Land use and planning principles are critical to understanding the impact of future transportation investments.
The distribution and concentration of people and land uses within the urban area can increase or decrease transportation options for people and businesses accessing goods, services, employment, education, open space, and other resources. Effective coordination of land use development and transportation planning can produce policies and strategies that preserve and enhance valued natural and cultural resources and facilitate healthy, sustainable communities and neighborhoods.
This section provides an overview of local land use information including population density, land use distribution and acreage, and the locations of archaeological and historical sites. Municipal and residential population density are both documented in the following text to help illustrate how the municipalities in the metropolitan planning area have developed since 1990. Population density alone does not provide a complete picture of how different municipalities grow and plan for future development. For a more in-depth picture of local growth practices and policies, see planning documents specific to each municipality.
Municipal Population Density
The chart below shows municipal population density for the two cities and four villages within the metropolitan planning area between 1990 and 2010 using land area and population data from the U.S. Census Bureau. Overall, municipal population density within the metropolitan planning area decreased by about 400 people per square mile between 1990 and 2010. The largest decreases were observed in the Cities of Champaign and Urbana, with 1,289 and 1,109 fewer people per square mile, respectively. A smaller decrease of 68 fewer people per square mile was observed in the Village of Tolono. Population density increased in the Village of Bondville and the Village of Savoy. Due to municipal annexations for the purposes of planning and future development, even municipalities with intentions of efficient, compact development could have large undeveloped acreages within their corporate limits that make municipal population density appear incongruous with current development practices or future development goals.
Residential Population Density
The residential population densities shown in the following chart were calculated by dividing the ACS municipal population estimates by the total residential land area. Total residential land area included tax assessor parcels associated with single-family, multi-family, and mobile home land uses. Residential density from 2007 to 2017 increased the most significantly in Savoy. Champaign’s residential population density slightly increased from 2007 to 2012 and remained constant after 2012. Urbana and Bondville both experienced an increase from 2007 to 2012 followed by decreases in residential population density from 2012 to 2017. No data is available for Tolono or Mahomet from 2007 or 2012.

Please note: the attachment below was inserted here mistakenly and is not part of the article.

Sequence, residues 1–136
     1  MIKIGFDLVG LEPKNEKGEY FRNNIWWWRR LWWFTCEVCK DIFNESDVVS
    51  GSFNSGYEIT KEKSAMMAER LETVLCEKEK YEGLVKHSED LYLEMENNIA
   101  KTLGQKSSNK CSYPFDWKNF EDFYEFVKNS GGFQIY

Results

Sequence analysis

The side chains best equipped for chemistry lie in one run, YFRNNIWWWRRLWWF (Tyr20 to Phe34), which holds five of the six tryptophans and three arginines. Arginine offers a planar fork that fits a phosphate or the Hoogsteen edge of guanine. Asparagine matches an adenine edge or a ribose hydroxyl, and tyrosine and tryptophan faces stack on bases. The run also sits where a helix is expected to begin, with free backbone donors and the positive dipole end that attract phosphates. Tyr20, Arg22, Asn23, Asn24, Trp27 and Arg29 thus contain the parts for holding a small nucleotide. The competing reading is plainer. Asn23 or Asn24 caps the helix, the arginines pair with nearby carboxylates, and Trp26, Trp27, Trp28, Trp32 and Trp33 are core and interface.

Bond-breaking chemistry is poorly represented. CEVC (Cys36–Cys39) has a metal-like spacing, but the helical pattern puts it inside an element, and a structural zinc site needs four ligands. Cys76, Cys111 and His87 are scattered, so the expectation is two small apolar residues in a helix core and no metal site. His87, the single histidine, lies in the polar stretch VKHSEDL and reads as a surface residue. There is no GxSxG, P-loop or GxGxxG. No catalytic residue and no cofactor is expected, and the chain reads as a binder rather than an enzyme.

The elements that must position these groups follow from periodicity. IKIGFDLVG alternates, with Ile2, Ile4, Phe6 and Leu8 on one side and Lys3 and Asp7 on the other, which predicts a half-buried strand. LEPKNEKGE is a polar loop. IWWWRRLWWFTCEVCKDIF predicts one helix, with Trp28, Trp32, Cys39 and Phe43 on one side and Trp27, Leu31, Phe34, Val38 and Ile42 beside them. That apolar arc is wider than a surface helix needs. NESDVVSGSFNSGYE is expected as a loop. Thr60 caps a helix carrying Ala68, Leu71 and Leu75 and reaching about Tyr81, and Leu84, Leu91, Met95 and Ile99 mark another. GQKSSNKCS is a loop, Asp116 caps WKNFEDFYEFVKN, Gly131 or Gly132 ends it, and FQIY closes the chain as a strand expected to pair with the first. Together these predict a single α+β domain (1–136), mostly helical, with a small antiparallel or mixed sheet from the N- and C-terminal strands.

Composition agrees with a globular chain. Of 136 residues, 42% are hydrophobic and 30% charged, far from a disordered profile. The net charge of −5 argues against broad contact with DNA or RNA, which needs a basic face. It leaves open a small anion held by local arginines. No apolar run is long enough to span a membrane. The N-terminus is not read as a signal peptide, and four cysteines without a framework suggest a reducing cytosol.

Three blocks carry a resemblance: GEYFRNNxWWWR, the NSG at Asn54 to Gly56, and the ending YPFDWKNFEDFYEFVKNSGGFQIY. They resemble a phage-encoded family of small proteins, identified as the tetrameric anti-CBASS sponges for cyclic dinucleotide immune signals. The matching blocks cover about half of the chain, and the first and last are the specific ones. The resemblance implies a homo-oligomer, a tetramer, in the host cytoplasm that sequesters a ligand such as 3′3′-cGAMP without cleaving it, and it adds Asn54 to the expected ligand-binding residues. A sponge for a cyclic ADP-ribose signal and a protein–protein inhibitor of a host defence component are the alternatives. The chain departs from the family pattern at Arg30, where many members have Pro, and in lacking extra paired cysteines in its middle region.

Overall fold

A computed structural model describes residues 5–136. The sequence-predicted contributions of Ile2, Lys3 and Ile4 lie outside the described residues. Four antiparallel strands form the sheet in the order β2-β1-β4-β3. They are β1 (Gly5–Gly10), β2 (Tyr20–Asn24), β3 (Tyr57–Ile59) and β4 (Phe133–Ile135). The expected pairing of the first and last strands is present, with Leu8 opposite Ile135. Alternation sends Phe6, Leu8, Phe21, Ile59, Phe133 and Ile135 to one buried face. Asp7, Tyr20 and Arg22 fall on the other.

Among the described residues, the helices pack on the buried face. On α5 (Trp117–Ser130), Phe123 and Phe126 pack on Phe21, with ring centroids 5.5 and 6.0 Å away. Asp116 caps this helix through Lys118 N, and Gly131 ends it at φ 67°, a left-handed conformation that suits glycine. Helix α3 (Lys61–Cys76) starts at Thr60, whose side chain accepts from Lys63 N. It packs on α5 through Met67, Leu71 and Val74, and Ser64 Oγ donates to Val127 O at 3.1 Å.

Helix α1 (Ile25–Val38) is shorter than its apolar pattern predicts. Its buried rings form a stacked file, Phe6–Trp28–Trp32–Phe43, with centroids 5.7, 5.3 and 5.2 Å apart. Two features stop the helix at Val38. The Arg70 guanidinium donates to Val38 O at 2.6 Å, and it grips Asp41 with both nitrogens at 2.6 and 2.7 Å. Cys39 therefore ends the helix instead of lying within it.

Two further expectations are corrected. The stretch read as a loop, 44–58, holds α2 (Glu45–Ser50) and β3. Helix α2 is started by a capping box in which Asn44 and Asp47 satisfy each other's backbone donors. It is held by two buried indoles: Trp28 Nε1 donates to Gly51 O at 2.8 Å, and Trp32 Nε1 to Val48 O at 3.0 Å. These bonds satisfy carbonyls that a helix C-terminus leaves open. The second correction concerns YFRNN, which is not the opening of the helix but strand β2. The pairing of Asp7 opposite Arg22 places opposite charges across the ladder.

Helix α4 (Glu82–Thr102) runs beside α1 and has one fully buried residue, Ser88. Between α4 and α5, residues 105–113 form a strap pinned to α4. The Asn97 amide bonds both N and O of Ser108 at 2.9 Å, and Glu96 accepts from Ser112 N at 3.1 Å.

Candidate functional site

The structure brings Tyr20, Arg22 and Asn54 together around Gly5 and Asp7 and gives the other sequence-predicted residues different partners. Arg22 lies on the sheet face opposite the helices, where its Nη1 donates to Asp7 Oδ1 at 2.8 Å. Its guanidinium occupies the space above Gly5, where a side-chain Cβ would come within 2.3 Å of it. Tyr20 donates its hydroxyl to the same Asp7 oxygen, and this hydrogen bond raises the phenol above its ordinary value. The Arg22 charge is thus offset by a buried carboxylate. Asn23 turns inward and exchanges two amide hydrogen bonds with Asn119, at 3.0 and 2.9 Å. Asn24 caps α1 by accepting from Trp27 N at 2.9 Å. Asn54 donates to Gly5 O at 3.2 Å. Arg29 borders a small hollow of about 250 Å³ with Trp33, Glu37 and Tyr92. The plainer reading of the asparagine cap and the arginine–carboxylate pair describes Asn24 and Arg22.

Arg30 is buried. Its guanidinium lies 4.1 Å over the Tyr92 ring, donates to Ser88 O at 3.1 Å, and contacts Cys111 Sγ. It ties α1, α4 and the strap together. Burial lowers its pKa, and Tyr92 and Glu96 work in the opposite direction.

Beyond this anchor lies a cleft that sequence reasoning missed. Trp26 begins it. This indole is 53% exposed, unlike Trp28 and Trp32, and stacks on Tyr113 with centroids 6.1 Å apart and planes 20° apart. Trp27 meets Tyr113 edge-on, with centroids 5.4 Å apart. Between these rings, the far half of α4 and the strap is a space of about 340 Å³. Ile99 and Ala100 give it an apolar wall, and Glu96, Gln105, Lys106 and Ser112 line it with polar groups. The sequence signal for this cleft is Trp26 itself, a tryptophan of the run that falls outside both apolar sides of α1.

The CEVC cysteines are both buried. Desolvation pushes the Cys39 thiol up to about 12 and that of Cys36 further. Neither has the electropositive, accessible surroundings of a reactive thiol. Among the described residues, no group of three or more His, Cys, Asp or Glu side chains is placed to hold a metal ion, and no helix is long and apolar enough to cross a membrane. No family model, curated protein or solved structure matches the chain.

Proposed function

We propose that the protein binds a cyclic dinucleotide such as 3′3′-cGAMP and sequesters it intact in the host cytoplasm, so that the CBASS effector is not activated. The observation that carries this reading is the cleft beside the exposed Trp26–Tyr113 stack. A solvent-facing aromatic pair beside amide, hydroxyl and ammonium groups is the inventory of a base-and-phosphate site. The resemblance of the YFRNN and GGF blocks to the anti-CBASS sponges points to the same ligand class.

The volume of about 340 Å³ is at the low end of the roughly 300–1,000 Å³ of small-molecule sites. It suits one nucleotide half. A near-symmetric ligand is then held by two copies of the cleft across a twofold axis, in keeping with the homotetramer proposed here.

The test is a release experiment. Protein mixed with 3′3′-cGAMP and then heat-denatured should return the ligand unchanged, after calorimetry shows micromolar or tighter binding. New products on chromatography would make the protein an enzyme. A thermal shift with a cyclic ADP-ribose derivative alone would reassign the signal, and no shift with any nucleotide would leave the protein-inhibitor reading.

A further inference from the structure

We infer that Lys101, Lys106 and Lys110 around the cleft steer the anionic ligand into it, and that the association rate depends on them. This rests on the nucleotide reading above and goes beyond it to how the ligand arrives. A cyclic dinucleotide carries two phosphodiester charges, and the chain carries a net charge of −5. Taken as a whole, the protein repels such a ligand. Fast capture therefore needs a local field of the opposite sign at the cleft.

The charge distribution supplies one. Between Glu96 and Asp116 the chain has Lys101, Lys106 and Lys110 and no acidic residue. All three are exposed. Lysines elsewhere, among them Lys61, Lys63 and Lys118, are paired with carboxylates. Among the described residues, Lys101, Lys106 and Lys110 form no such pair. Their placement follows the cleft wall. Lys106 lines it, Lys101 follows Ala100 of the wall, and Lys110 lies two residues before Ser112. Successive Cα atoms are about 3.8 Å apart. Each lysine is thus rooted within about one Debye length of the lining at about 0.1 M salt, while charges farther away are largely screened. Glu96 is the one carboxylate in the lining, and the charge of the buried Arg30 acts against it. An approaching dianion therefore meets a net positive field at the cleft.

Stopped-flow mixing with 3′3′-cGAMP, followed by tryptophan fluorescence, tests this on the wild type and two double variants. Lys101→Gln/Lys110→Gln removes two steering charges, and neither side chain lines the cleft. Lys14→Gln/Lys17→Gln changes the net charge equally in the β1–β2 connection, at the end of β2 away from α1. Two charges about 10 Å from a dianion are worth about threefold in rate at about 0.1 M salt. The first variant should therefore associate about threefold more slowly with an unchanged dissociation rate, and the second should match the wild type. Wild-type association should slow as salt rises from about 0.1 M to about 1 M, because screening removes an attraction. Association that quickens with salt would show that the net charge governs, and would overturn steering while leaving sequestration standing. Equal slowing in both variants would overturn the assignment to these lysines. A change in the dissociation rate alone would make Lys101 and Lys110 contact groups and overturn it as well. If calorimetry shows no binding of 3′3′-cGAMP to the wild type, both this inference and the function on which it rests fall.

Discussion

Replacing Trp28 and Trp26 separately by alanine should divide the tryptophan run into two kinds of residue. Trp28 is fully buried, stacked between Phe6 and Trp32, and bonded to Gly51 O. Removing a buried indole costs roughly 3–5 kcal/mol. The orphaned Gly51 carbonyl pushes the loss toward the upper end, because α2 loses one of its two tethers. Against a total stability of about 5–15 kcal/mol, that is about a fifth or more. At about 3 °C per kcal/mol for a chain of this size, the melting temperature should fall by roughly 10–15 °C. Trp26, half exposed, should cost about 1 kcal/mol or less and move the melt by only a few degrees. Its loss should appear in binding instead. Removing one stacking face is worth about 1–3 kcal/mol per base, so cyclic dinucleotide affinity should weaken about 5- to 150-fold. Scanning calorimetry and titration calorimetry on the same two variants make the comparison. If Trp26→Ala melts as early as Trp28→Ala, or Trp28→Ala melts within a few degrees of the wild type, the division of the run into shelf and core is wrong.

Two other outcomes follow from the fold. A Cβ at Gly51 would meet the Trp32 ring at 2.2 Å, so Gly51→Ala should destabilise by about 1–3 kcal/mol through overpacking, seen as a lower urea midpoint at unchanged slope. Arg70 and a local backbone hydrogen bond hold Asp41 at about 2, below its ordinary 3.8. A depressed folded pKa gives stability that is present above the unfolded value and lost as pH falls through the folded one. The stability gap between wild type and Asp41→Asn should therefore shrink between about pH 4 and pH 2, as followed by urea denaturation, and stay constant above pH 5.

The charts below show changes in the proportion of parcels associated with the three residential categories in Champaign, Urbana, and Savoy from 2007 to 2017. Single-family parcels account for the vest majority of residential parcels in all three municipalities compared with multi-family parcels or mobile home parcels. The lowest proportion of single-family parcels is still an overall majority at 72 percent in Urbana in 2017. This time period demonstrates a modest but consistent increase in the proportion of multi-family parcels in all three municipalities. Parcels designated for mobile homes increased slightly in Urbana between 2007 and 2017 but did not change significantly in Champaign or Savoy.
Land Use Distribution
The proportion of different land uses in the metropolitan planning area hasn’t changed significantly since 2010 according to data from the Champaign County Tax Assessor. Land area designated for residential uses has increased approximately two percent while land area designated for agriculture and other uses has remained relatively stable.
Archaeological and Historical Sites
Archaeological and historical resources in the metropolitan planning area include buildings, sites, districts, structures, and objects. The map below displays locations and types of archaeological and historical resources, the majority of which are found within or near the University of Illinois campus, downtown Champaign, and downtown Urbana. Any new or proposed transportation development needs to take measures to avoid adverse impacts such as damage, destruction, or removal of these features. Furthermore, transportation-related development should seek to preserve the larger setting of these structures when the setting is a significant element of the property.